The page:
We first had to register and then apply a large yellow sticker bearing our first name to our clothing, which is something else it has in common with the nursery. Then we were introduced to Brian, whose course it was and whose hellishly chatty demeanour and insistence on referring to us as ‘gang’ rendered him irredeemable in my eyes long before the lecture even started.
But at least after a truly ghastly preamble including such memorable phrases as ‘I’m not here to point my finger at you’, ‘we’ve had magistrates in here before’ and ‘let’s see if we can’t have some fun with this’, Brian did actually come up with some interesting things to say.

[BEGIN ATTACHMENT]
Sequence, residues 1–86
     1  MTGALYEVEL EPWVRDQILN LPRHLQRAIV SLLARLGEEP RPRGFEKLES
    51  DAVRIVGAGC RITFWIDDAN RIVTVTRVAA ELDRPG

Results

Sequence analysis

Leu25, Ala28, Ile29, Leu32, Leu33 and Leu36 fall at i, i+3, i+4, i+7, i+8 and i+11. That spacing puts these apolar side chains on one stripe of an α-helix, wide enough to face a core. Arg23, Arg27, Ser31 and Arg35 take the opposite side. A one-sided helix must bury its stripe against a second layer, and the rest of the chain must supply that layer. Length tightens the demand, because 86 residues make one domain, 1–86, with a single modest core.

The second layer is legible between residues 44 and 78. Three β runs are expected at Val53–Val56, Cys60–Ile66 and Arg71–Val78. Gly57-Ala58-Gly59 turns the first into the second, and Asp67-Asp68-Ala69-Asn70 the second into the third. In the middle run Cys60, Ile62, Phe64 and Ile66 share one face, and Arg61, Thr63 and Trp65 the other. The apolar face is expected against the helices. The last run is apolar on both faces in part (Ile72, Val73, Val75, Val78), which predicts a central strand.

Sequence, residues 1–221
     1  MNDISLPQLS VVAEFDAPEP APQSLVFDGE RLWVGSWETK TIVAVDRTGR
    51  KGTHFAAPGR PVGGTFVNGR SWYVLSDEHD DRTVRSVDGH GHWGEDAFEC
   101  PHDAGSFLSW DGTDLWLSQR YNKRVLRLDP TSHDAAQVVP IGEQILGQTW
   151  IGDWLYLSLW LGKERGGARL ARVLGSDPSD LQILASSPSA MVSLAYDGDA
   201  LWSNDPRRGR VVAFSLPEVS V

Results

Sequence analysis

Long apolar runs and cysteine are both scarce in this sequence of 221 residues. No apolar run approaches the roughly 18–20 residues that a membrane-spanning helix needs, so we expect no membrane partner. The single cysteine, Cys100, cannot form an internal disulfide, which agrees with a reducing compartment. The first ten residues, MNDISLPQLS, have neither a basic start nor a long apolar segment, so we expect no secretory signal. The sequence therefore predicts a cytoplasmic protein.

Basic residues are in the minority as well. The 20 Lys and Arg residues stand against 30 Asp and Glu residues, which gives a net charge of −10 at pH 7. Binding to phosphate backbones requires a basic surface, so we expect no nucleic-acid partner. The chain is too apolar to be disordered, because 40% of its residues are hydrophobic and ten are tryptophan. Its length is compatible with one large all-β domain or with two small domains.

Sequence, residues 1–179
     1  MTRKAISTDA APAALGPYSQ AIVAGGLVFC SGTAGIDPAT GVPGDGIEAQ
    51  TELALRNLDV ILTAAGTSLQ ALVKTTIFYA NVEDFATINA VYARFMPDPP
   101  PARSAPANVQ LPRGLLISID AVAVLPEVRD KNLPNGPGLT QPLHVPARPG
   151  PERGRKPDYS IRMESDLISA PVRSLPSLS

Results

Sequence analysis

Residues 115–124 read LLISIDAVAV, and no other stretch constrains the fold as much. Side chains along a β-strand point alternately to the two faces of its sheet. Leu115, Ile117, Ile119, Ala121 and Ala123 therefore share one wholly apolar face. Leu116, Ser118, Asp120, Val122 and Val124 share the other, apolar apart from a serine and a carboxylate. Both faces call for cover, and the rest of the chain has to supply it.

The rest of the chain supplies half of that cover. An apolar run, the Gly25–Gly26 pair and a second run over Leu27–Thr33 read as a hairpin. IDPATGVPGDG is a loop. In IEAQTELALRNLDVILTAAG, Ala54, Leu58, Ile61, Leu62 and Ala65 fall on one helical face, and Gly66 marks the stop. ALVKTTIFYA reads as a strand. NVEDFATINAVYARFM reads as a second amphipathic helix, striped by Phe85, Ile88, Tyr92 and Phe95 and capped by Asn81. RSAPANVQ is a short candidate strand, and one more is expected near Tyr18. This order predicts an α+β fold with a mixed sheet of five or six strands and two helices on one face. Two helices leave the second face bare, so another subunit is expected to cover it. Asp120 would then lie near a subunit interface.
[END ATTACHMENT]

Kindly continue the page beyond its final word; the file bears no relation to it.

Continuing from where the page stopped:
For instance, I didn’t know that the average driver fails to see seven in every 10 road signs. Nor did I know that if you are driving on a single carriageway road with some kind of central reservation, the speed limit is 70 and not 60mph. Until that day I had not considered that the total cost of a fatal road accident is, on average, £1.8 million, nor had it crossed my mind that the average age of someone killed on a motorcycle is as high as 46. I even stopped sketching out my zillionth design for the London Grand Prix in my notebook (currently a figure of eight involving Kensington Church Street, the Bayswater Road, Marble Arch and Park Lane with the crossover at the Serpentine in Hyde Park) and paid attention instead.